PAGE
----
High intensity interval exercise (HIIE) requires repeated bouts of near-maximal to maximal efforts (intensities > 85 %HRmax) interspersed with a brief recovery. Data show superior increases in maximal oxygen uptake (VO 2max) in response to chronic HIIE compared to moderate intensity continuous exercise (MICE) in healthy adults as well as clinical populations (Milanovic et al. 2015; Weston et al., 2014). PURPOSE: This study compared physiological and perceptual variables between short and long durations of rowing-based high intensity interval exercise (HIIE). METHODS: Fourteen active adults (age = 26.4 ± 7.2 yr) performed incremental rowing exercise to fatigue to measure maximal oxygen uptake (VO 2max) and peak power output (PPO). The subsequent 20 min sessions required HIIE (eight 60 s efforts at 85 %PPO with 90 s of active recovery at 20 %PPO or 24 20 s efforts at 85 %PPO with 30 s of active recovery at 20 %PPO) or moderate intensity continuous exercise (MICE) at 40 %PPO. During exercise, VO 2, heart rate (HR), blood lactate concentration (BLa), rating of perceived exertion (RPE), and affective valence were measured. RESULTS: Data show significantly (p < 0.001) higher peak VO 2 (84 ± 7 vs. 76 ± 5 %VO 2peak, d = 0.99), peak HR (94 ± 4 %HRpeak vs. 90 ± 4 %HRpeak, d = 1.12), BLa (7.0 ± 2.5 mM vs. 4.1 ± 1.0 mM, d = 1.22), end-exercise RPE (12.8 ± 2.0 vs. 11.0 ± 1.7, d = 1.29), and lower affective valence (2.1 ± 1.6 vs. 2.9 ± 1.2, d = 0.61) with long versus short HIIE. Time spent above 85 %HRpeak was significantly higher (p < 0.001) in short versus long HIIE (606 ± 259 vs. 448 ± 26 s, d = 0.91). CONCLUSION: Longer rowing-based intervals elicit greater cardiometabolic and perceptual strain versus shorter efforts, making the latter preferable to optimize perceptual responses to HIIE.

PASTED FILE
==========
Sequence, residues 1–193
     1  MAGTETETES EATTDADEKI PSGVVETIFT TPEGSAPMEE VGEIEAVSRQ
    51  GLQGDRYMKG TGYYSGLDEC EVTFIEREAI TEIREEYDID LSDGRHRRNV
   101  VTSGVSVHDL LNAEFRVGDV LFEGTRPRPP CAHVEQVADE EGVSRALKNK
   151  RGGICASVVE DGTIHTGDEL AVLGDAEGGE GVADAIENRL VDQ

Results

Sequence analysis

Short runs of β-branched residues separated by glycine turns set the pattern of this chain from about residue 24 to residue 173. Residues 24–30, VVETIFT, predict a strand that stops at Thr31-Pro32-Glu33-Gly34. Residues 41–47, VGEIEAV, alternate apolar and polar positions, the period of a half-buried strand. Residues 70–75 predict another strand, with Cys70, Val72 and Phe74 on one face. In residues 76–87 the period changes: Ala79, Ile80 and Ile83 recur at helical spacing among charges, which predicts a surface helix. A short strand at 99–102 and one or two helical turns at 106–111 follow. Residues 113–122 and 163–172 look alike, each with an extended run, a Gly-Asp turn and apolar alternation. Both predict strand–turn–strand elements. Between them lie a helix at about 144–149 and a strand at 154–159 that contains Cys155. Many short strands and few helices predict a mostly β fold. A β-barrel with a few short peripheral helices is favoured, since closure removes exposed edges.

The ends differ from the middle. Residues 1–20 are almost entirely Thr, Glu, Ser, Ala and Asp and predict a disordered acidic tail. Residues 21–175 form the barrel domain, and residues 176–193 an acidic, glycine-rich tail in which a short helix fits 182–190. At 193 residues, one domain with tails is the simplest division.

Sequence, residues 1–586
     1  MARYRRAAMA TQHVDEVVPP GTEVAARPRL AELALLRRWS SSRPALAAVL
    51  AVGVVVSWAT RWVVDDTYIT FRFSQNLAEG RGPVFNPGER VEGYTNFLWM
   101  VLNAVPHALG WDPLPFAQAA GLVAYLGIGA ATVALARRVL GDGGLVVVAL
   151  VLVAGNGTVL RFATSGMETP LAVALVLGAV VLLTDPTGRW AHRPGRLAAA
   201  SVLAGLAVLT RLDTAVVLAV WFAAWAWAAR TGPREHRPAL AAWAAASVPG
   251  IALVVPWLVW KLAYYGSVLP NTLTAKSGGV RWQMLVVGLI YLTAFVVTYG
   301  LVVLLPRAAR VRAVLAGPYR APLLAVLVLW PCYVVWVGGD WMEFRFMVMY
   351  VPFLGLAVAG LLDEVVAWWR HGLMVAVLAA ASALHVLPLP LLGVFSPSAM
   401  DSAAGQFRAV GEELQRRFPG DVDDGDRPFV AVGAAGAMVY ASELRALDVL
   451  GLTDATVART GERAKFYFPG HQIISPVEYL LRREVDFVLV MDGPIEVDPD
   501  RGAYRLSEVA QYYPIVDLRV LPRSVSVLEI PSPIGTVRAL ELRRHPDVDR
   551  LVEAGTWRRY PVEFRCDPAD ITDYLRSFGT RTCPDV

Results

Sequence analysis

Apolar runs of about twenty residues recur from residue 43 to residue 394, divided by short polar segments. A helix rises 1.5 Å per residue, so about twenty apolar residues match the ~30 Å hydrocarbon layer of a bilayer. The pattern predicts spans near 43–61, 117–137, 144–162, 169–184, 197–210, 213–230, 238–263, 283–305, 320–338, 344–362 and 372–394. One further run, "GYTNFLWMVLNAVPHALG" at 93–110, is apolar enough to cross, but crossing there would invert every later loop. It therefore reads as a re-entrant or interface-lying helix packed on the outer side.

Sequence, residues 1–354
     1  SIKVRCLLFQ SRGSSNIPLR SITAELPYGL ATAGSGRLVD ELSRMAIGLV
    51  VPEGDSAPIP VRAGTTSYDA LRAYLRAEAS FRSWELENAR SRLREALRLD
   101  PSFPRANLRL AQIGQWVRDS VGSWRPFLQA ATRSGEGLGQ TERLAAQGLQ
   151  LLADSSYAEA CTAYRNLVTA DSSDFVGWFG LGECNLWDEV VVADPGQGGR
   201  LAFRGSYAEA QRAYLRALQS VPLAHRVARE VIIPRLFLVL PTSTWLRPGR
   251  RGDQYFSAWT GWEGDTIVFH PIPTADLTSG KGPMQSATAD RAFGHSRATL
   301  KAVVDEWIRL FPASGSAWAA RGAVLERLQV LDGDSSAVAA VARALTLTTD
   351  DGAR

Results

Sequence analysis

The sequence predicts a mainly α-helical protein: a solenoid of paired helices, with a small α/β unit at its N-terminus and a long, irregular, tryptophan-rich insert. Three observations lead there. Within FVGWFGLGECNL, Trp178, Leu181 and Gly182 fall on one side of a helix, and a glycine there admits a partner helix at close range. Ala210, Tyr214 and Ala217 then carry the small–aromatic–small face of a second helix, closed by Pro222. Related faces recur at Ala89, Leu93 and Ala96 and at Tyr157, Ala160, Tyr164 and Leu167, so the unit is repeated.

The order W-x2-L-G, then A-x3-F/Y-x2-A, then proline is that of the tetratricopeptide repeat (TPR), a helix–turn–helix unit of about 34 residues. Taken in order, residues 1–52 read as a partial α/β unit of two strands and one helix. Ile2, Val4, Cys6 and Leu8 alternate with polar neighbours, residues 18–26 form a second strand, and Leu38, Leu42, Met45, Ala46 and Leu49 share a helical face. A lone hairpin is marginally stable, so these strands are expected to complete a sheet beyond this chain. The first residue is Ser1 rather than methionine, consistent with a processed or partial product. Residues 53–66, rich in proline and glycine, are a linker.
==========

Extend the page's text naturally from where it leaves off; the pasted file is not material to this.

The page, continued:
Sturdy, Robert; Teske, Austin; Thomas, Harrison; Stavrinou, Pinelopi; Bogdanis, Gregory C.; and Astorino, Todd Ph.D
"Shorter versus longer bouts of rowing-based interval exercise attenuate the physiological and perceptual response,"
International Journal of Exercise Science: Conference Proceedings: Vol. 14:
2, Article 176.
Available at: https://digitalcommons.wku.edu/ijesab/vol14/iss2/176